INABIS '98 Home Page Your Poster Session Related Symposia & Posters Plenary Sessions Exhibitors' Foyer Personal Itinerary New Search

Effects OF Drought (Water Stress) On Growth And Photosynthetic Capacity Of Cotton (Gossypium hirsutum L.)

Contact Person: María Elena Fernández-Conde (


    Drought is a serious problem that affects many regions of the world, decreasing the photosynthetic rate of crops and limiting the productivity world-wide. Therefore, water availability is an essential factor influencing agriculture.
    Growth and photosynthesis are two of the most important processes abolished, partially or completely, by water stress (Kramer and Boyer,1995), and both of them are major cause of decreased crop yield.
    Cotton crops need irrigated lands to reach high productivities. Therefore, it is very important to know how much and how often cotton plants should be irrigated to complete a successful development.
    The aim of this work was to study how cotton plants are affected by different levels of water stress. We particularly investigated when the first signs of stress appear, which are the most sensitive developmental stages (seeds, seedlings or young plants), and what organs (cotyledons or leaves) are the most affected by drought.


Materials & Methods

     Gossypium hirsutum palma was grown in a controlled environment chamber at day/night temperature 28/21°C, relative humidity 70/80% and with a photoperiod of 16 h per day. The photosynthetic photon flux was 200 micromol m-2 s-1 at plant height.
    Plants were grown hydroponically in plastic pots containing a nutrient solution with nitrate as the sole nitrogen source (Hewitt, 1966). Water stress was applied by addition of polyethylene glycol (PEG) (MW 6000) at 0 (control), 30 and 60 g l-1 for seedling until 14 days and 0, 20 and 40 g l-1 for plants until 28 days after germination. We used PEG 6000 because is an inert polymer, with a non-ionic and virtually impermeable long chain (Couper and Eley,1984), which allows to maintain an uniform water potential during the whole experimental period.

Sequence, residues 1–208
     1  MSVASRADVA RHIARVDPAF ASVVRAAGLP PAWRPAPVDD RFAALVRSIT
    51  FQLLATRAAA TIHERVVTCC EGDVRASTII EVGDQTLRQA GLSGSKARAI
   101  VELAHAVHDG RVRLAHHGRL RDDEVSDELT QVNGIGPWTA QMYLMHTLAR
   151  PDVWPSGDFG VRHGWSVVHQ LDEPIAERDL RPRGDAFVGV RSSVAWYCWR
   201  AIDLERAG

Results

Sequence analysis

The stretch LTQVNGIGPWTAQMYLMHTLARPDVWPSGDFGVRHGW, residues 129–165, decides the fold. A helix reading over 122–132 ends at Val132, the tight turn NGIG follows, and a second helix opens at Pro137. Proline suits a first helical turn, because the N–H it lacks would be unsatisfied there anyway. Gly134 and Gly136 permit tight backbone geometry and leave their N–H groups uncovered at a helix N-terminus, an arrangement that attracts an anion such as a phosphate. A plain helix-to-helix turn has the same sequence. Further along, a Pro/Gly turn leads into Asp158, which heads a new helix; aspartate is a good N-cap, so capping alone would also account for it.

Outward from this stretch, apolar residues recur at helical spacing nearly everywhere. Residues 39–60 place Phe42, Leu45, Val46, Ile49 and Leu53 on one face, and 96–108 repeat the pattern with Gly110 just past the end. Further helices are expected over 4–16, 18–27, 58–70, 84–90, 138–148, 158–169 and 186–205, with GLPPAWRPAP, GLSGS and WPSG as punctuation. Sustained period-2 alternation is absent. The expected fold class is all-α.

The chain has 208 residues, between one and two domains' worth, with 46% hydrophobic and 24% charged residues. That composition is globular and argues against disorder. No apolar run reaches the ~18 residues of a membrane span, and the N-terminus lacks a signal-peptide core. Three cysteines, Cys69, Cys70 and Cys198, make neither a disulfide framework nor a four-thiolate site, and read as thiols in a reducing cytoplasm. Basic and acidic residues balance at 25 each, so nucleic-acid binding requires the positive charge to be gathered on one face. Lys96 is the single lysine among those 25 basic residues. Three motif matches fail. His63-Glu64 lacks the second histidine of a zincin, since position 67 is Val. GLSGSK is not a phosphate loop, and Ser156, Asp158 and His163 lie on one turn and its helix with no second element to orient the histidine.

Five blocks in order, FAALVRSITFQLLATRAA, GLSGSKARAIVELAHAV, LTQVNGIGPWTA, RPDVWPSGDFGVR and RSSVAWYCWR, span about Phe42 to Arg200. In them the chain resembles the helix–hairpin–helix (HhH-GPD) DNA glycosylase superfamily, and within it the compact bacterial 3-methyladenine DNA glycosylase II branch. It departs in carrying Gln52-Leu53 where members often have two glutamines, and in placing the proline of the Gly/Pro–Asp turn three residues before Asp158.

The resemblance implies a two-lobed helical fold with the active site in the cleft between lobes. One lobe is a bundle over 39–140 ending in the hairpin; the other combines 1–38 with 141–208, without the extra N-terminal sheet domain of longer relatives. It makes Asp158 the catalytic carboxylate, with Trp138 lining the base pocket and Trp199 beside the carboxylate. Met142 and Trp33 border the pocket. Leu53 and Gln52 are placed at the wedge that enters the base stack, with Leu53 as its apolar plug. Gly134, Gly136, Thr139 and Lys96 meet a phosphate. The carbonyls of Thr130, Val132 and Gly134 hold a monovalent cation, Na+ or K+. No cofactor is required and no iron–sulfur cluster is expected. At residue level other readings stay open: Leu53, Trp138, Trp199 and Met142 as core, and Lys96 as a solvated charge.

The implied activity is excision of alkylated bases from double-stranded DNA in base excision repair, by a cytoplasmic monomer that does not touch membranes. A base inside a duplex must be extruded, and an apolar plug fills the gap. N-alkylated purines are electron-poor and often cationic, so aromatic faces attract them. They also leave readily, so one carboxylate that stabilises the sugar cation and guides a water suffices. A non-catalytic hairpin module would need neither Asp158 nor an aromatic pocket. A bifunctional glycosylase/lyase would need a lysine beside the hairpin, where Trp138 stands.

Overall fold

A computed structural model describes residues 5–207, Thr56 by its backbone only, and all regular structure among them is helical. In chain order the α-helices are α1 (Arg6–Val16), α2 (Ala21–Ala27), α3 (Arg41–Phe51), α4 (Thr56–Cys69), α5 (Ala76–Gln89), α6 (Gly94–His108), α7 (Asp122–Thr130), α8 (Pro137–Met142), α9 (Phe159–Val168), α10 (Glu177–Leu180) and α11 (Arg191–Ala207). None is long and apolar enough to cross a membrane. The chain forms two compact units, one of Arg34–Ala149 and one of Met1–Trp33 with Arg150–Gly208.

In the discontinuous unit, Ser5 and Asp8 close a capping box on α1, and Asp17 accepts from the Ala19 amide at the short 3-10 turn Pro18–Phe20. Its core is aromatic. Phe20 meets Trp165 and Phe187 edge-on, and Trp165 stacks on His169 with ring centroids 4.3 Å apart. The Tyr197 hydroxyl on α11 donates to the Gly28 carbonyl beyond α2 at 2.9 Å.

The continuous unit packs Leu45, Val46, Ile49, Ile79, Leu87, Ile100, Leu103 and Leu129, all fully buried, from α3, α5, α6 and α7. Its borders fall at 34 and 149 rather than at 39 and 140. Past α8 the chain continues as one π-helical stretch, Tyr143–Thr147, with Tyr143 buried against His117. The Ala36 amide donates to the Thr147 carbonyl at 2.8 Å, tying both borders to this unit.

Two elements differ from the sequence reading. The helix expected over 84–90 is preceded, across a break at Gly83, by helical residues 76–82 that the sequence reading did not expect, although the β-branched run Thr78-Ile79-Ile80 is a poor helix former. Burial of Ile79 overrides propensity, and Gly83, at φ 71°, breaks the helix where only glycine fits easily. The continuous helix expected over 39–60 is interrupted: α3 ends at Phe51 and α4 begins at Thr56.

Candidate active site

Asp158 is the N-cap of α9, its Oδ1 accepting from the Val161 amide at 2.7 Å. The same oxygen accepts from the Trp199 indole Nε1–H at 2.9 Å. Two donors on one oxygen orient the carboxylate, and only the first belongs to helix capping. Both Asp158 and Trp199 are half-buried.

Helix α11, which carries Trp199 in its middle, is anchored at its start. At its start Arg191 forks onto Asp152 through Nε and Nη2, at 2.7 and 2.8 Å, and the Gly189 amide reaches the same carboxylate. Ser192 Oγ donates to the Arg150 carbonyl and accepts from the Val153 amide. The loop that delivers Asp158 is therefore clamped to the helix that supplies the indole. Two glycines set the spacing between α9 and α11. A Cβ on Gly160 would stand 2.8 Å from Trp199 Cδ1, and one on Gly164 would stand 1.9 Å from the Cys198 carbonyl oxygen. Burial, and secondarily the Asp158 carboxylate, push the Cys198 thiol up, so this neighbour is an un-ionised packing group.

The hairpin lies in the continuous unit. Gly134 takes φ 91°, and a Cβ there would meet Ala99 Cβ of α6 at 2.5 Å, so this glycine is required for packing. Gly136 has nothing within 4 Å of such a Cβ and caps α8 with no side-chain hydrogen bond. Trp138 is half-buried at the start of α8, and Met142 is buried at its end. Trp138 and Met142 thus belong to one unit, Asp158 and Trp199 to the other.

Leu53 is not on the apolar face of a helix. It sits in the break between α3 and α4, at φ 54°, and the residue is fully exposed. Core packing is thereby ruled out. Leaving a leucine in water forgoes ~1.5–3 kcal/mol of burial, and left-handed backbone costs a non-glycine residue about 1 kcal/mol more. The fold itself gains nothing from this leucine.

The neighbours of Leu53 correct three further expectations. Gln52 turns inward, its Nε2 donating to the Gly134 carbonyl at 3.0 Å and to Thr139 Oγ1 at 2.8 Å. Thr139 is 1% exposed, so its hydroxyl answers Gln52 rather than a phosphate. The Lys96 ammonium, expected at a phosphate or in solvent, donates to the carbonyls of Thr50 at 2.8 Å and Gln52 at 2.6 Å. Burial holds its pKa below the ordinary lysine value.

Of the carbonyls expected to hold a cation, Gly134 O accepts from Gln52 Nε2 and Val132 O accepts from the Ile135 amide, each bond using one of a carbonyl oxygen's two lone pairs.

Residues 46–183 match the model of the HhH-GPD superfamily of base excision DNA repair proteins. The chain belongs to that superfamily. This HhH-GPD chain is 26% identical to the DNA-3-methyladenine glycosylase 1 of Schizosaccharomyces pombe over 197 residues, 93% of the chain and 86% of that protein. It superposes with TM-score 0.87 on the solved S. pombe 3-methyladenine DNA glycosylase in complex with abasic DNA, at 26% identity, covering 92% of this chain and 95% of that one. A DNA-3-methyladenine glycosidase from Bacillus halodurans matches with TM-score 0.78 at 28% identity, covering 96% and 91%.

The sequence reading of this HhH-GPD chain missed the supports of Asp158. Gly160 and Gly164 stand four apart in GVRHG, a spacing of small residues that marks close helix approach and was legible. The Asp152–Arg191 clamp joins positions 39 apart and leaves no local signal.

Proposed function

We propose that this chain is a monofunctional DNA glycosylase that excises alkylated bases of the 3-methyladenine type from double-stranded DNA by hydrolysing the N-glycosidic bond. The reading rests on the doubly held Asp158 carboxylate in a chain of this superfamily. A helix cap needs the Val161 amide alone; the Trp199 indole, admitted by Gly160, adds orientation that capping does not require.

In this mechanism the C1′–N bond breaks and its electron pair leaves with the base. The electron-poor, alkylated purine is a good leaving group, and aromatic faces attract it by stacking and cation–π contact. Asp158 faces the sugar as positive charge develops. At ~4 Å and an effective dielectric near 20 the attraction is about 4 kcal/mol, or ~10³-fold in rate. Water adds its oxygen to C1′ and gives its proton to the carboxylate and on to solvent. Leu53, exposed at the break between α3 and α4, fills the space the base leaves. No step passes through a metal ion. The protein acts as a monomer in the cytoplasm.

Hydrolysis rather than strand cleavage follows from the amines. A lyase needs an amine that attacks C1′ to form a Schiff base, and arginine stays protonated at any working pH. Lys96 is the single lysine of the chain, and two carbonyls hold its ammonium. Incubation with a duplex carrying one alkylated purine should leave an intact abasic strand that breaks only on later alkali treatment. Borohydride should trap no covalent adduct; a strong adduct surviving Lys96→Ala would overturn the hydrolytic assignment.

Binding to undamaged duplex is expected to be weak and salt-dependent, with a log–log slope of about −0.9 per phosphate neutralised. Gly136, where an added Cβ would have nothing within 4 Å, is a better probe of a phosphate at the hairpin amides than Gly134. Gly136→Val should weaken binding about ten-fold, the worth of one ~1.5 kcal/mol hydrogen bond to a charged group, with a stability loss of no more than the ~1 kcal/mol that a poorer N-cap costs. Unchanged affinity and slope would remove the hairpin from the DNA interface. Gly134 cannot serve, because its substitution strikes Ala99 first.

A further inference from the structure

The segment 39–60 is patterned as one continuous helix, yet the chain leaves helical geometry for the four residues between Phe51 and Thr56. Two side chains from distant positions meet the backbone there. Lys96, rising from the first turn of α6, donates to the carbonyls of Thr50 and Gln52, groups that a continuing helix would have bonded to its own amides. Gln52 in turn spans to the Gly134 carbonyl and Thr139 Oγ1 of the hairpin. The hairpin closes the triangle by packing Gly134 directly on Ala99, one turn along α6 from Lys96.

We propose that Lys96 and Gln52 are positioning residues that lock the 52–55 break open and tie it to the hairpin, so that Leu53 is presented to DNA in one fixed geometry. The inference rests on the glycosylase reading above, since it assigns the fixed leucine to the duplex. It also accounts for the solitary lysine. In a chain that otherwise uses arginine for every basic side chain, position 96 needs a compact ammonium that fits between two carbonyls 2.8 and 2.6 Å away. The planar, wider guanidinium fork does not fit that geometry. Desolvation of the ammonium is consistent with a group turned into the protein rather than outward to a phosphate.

Dry weight was measured after drying out cotyledons or leaves at 80°C for 72 h.
    Chlorophyll a and b and carotenoids were extracted with acetone (100%) in a ratio 1:20 (w/v). Pigment concentrations were calculated by Lichtenthaler method (1987).
    Gas exchange measurements were determined at saturating light intensity, regulated temperature and relative humidity, using an Infra-red Gas Analyzer (IRGA).



Fig. 1: Germination index of cotton seeds 72 h after imbibition at different concentrations of PEG.


Fig. 2: Cotton seedlings grown for 14 days with different concentrations (g l-1)of PEG.


PEG (g l-1)
RGR (d-1)
0.074 ± 0.008
0.061 ± 0.009
0.035 ± 0.006
Fresh weight (mg)
985 ± 63
720 ± 48
574 ± 54
Dry weight (mg)
82.1 ± 3.5
73.8 ± 2.5
65.6 ± 5.0
Table 1: Growth parameters of cotton seedlings grown for 14 days with different concentrations of PEG.


Click to enlarge

 Fig.3: Pigment content of cotton cotyledons between 5 and 14 days after sowing. Seedlings were treated with different concentrations of PEG.



Fig. 4: Cotton plants grown for 28 days with different concentrations of PEG.


PEG (g l-1)
Leaf area (cm2)
56.3 ± 6.6
49.4 ± 6.5
17.7 ± 3.6 
Fresh weight (g)
1.26 ± 0.09
0.86 ± 0.06
0.29 ± 0.01
Dry weight (mg)
130 ±  8
104 ± 5
65 ± 4
SLA (m2 Kg-1)
43.3 ± 2.5
43.2 ± 2.8
27.3 ± 1.7
RGR (d-1)
0.105 ± 0.008
0.092 ± 0.006
0.057 ± 0.005
LAR (cm2 g-1)
64.3 ± 2.9
57.6 ± 1.8
38.0 ±  0.9
NAR (g m-2 d-1)
16.3 ± 1.4
15.9 ± 1.7
14.9 ± 1.2
Table 2: Growth parameters of cotton plants grown for 28 days with different concentrations of PEG.


Click to enlarge


Fig.5. Net photosynthesis, stomatal conductance, transpiration and water use efficiency of cotton plants between 18 and 28 days after sowing. Plants were treated with different concentrations of PEG.

Click to enlarge


Fig. 6: Pigment content of the first cotton leaf between 18 and 28 days after sowing. Plants were treated with different concentrations of PEG.



1. Water stress, induced by PEG, causes a decrease in the germination index and in the morphological development of organs from young cotton plants.

2. Dry and fresh weights of cotyledons and fully expanded first leaf were smaller at increasing stress level, which suggests that water absorption and/or retention, as well as biomass gain, are affected by water stress.

3. Water stress diminished the relative growth rate of cotton plants. The net assimilation rate was not significantly decreased, being the major factor responsible for this decrease the leaf area rate.

4. Net photosynthesis, stomatal conductance and transpiration in stressed plants were smaller than in the control, but the photosynthetic rate was more affected than transpiration. Accordingly, water use efficiency (WUE) decreases in PEG-treated plants.

5. The pigment content was smaller in cotyledons and leaves under stress. This fact may explain in part the decrease in the photosynthetic process.

6. The earlier the water stress is applied, the less successful is the development of cotton plants.



1. Couper, A. and Eley, D. (1948). Surface tension of polyethylene glycol  solutions. J. Polymer. Sci. 3: 345-349.
2. Hewitt, E. J. (1966). Sand and water culture methods in the study of plant nutrition.
Commonwealth Bureau of Horticultural and Plantation Crops, East Malling Tech. Commun. 22.
3.Kramer, P.J. and Boyer, J.S. (1995). Water relations of plants and soils. Academic Press, San Diego.
4.Lichtenthaler, H.K. (1987). Chlorophylls and carotenoids: Pigments of phothosynthetic biomembranes. Methods Enzymol. 148: 350-382.

| Discussion Board | Previous Page | Your Poster Session |